We conduct our business in many countries around the world. Our business is generally conducted in USD, as is the business of the leaf tobacco industry as a whole. We generally must purchase tobacco in non-U.S. countries using local currency. As a result, local country operating costs, including the purchasing and processing costs for tobaccos, are subject to the effects of exchange fluctuations of the local currency against the USD. When the USD weakens against foreign currencies, our costs for purchasing and processing tobacco in such currencies increases. Although we operate in many non-U.S. countries and are exposed to fluctuations in the currencies of numerous foreign countries, exchange fluctuation in the Brazilian Real against the USD has the greatest potential for impact on our financial results. We attempt to reduce such currency risks by matching the timing of our working capital borrowing needs against the tobacco purchasing and processing funds requirements in the currency of the country where the tobacco is grown. Fluctuations in the value of foreign currencies can significantly affect our operating results.

In addition, the devaluation of foreign currencies has resulted and may in the future result in reduced purchasing power from customers whose capital resources are denominated in those currencies. We may incur a loss of business as a result of the devaluation of these currencies now or in the future.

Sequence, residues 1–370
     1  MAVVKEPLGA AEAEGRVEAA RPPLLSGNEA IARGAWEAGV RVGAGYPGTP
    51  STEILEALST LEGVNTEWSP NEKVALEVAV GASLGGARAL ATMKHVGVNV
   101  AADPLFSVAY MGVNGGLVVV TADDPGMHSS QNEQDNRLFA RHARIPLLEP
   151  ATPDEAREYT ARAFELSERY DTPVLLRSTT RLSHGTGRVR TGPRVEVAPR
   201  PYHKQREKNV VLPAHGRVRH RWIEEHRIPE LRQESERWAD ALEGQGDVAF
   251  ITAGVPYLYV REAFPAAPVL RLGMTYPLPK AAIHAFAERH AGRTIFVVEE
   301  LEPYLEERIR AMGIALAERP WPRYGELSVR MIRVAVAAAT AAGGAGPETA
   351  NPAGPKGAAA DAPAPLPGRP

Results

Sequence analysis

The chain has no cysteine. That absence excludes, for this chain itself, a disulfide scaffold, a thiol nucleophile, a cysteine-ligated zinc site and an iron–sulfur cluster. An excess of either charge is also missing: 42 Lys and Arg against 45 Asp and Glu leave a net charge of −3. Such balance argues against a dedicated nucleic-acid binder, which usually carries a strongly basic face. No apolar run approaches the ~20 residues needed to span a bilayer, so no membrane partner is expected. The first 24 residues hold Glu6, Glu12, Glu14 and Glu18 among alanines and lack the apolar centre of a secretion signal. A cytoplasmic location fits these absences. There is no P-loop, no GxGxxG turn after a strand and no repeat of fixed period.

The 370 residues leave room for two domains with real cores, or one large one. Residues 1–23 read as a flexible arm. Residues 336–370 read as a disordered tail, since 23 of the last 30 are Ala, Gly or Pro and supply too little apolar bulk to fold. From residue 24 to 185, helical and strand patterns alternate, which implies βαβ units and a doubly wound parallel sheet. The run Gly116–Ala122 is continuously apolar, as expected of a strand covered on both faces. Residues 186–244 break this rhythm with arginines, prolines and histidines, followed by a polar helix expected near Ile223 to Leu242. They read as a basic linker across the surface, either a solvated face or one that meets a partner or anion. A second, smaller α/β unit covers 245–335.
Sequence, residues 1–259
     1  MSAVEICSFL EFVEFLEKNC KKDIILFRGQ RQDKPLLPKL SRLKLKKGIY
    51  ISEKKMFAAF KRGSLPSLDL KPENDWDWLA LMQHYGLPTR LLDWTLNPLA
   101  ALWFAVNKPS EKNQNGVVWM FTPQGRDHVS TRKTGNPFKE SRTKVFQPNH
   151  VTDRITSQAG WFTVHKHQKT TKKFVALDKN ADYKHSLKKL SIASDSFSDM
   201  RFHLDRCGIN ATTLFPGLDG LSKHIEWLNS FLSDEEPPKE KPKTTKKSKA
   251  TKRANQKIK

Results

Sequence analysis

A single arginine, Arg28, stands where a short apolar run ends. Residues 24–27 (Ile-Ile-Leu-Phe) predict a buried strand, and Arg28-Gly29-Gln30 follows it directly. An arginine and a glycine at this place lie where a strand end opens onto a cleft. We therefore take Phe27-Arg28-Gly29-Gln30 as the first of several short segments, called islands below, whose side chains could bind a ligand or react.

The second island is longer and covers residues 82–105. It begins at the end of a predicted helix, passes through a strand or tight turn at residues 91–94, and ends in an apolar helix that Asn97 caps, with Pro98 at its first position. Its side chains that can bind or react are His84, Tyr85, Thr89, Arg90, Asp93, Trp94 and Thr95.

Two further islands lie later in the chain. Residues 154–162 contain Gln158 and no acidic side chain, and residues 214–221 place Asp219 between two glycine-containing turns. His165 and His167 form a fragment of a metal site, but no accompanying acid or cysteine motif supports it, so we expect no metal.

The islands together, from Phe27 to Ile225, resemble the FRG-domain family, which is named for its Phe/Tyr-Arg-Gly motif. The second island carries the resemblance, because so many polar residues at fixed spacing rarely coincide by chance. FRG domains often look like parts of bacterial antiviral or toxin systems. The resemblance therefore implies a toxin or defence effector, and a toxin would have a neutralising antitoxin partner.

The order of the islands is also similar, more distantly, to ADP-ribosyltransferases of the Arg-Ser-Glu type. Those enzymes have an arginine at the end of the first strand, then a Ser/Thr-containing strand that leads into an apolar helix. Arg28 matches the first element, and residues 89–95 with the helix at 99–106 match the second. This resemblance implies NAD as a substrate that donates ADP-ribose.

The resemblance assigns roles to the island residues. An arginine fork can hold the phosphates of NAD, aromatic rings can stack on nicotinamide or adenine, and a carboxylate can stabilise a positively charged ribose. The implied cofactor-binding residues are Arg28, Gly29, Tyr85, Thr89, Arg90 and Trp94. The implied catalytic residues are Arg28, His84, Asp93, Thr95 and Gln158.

Risks Related to Other Aspects of Our Operations

We rely on internal and externally hosted information technology systems and disruption, failure, or security breaches of these systems could adversely affect our business.
We rely on information technology ("IT") systems, including systems hosted by third-party service providers. For example, our enterprise resource planning system and our domestic employee payroll system are hosted by external service providers. Although we have disaster recovery plans and intrusion preventive mitigating tools and services in-place, our portfolio of hardware and software products, solutions and services and our enterprise IT systems, including those hosted by service providers, may be vulnerable to damage or disruption caused by circumstances beyond our control, such as catastrophic events,